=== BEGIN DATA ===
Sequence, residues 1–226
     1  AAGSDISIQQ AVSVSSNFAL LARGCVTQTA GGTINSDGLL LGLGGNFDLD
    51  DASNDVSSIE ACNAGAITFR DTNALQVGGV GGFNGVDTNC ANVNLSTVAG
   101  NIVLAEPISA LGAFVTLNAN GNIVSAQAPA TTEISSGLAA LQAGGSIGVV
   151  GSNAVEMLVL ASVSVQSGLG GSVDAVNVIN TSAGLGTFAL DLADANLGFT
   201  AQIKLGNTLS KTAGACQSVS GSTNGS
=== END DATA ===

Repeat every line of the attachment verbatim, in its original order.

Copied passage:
Sequence, residues 1–226
     1  AAGSDISIQQ AVSVSSNFAL LARGCVTQTA GGTINSDGLL LGLGGNFDLD
    51  DASNDVSSIE ACNAGAITFR DTNALQVGGV GGFNGVDTNC ANVNLSTVAG
   101  NIVLAEPISA LGAFVTLNAN GNIVSAQAPA TTEISSGLAA LQAGGSIGVV
   151  GSNAVEMLVL ASVSVQSGLG GSVDAVNVIN TSAGLGTFAL DLADANLGFT
   201  AQIKLGNTLS KTAGACQSVS GSTNGS